In the end, it wasn’t as close or as tight as I thought it would be. It certainly wasn’t as good as I thought it would be. Everything about the day was enjoyable, except for the second half when it became abundantly clear that the Huddersfield Giants simply didn’t have what it took to beat a Warrington Wolves side that was a defensive juggernaut on the day. The speed and swarm that Wire possessed in defense turned practically every pass the Giants made into a hospital pass. On top of that, Lee Briers and Michael Monaghan played a vital role in producing one of the Wolves’ most composed performances of the year, and with about twenty minutes to go it became quite clear that the Wolves were entering shutdown mode, a move they played almost to perfection.
It was a frantic start to the game as Brett Hodgson’s kick was charged down by Louis Anderson, which led to Richie Mathers opening the scoring. From the stands it seemed like Louis had knocked on in the process of picking up the ball, but looking at the TV replay it seems it was either his toe or a funny bounce that made it look that way. The Giants hit back when Shaun Lunt finished off a rather nice team move, but only after he had been denied by the video ref in one of a few calls that the people I was sitting with in the stadium thought were dubious (and the replay ddin’t make think it was any better of a call either).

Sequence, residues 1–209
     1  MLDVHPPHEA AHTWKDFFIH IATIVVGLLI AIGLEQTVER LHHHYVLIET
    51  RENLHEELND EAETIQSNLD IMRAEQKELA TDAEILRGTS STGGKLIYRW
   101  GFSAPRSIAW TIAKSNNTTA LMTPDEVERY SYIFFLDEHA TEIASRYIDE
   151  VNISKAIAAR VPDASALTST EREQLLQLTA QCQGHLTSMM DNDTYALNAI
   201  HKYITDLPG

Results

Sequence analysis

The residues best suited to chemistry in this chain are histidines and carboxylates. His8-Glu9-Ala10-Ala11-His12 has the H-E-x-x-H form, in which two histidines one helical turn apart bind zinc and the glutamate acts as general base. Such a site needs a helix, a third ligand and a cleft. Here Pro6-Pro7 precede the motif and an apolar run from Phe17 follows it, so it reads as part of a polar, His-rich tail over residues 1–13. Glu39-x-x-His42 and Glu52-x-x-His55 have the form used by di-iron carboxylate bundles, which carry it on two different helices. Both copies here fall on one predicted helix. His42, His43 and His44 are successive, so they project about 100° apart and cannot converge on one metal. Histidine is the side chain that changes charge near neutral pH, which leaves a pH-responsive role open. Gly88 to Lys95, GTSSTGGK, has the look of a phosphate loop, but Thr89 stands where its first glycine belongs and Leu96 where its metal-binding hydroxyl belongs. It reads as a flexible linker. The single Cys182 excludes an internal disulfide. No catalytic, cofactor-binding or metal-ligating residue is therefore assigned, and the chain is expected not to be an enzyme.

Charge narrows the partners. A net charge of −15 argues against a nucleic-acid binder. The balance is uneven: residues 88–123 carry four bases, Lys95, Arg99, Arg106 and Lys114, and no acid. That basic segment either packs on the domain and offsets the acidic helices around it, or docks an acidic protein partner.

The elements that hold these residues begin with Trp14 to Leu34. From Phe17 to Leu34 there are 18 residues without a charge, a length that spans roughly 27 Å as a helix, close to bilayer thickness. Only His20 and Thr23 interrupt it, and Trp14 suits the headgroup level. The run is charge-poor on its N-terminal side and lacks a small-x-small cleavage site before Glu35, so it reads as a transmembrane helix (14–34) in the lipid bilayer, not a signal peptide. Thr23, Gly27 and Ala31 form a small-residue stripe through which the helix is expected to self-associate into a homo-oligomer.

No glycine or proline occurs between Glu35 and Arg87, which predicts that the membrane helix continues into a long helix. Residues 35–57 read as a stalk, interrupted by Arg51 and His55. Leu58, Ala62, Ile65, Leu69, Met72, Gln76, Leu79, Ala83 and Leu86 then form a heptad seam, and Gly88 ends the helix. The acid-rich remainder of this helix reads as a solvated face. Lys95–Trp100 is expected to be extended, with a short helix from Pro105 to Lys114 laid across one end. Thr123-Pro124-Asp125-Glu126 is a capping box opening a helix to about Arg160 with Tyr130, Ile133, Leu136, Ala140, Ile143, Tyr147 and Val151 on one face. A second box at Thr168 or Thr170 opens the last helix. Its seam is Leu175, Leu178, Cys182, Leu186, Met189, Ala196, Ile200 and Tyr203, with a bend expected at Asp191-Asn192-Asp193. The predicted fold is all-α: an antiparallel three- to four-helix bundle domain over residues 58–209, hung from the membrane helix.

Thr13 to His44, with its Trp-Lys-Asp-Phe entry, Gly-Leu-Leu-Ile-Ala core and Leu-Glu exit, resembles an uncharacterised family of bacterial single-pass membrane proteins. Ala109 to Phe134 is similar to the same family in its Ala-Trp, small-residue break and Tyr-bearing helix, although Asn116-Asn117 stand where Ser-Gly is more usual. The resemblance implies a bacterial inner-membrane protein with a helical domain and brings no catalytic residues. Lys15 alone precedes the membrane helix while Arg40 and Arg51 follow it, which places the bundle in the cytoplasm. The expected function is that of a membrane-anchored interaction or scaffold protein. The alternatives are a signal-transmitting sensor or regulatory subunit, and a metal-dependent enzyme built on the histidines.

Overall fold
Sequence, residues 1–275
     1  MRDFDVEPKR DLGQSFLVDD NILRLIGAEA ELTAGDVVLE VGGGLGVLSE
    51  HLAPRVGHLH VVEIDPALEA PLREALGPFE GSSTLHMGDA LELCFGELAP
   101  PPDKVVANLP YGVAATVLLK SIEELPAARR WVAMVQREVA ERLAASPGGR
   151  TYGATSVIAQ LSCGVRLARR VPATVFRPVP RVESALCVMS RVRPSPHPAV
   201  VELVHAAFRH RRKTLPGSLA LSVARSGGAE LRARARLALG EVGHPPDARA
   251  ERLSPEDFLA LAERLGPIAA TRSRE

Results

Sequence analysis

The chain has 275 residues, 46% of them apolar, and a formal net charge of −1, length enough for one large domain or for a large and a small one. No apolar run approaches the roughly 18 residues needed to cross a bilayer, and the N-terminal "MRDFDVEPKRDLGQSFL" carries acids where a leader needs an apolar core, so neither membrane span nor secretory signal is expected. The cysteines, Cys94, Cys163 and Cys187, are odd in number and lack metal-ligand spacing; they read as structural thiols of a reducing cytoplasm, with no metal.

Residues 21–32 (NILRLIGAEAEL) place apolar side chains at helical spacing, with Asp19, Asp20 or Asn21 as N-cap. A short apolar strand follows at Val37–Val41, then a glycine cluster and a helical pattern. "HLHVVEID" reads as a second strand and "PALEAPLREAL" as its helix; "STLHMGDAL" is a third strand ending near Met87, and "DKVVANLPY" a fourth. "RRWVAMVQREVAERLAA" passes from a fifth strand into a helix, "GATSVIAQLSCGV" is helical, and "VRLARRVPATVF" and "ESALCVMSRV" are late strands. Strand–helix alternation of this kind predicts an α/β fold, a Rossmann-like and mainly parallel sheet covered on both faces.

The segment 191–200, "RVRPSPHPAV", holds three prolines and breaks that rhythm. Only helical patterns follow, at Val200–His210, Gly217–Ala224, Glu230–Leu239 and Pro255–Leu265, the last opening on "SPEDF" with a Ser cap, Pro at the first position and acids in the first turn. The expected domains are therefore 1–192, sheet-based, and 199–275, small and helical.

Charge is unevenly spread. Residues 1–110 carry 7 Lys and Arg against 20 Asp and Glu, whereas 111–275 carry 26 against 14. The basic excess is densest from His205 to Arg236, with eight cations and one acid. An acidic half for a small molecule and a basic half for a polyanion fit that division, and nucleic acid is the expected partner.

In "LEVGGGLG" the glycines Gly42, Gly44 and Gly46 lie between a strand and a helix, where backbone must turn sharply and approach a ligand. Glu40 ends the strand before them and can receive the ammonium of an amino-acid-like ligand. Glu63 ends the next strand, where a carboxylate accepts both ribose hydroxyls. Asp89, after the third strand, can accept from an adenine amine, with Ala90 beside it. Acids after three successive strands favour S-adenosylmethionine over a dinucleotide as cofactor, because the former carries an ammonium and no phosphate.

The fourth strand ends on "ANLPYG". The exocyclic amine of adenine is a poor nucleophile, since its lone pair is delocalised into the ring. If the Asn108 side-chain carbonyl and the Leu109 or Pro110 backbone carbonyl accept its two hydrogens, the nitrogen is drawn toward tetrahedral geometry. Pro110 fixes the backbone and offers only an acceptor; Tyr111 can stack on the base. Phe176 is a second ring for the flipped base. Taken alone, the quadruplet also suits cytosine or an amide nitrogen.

Warrington replying with two quick tries to Michael Monaghan and Chris Hicks, followed by the second disallowed try that the Giants thought they had scored (David Hodson’s finish wiped off due to obstruction) seemed to kill off the game for me. From that point onwards Huddersfield fell apart. The second half in particular saw them drop an outrageous amount of ball in key positions early in the tackle count. It’s debatable how much this even mattered though because whenever the Giants did hold onto the ball, all they did was run sideways and pass to a stationary man. This made it easier for a Warrington side who had brought their A-game defensively anyway, and meant that the second half turned into a rather dour battle. Warrington had shown touches of invention and class in the first half but (understandably) resorted to a more conservative gameplan in the second half. Although Vinnie Anderson and David Hodgson both got on the scoresheet, the second half was clearly never going to turn into a shootout, and as it became clear that the Giants didn’t have what it took it undermined the drama somewhat.
Were Huddersfield affected by the debatable video ref calls? Maybe. If they were, then it’s their own fault they lost because they should have just got on with it. I was really disappointed by the Giants because they’ve been a top team all year, and for them to flop so hard on the biggest stage yet was disappointing. Even so, they’re still top contenders to reach Old Trafford at this stage, so hopefully for them they’ll learn from this experience.
Conversely, Warrington were a revelation. I knew they could muscle up as well as anyone, and I knew they were capable of fantastic attacking play, but I never expected them to be so… solid. Apart from Lunt’s two scoring attempts, they never really looked fazed at all, and they followed up conceding with two quick-fire tries. Their defence was brutal and completely choked Hudderfield out of the game. Even if Warrington don’t make the playoffs (and at this stage it looks unlikely) they’ve still won a trophy, and definitely have the foundations to be a challenger next year.
Like for Friday’s game, I took some photos with my camera phone. In fact, I took a lot of photos. See them after the break, and admire the story that they create.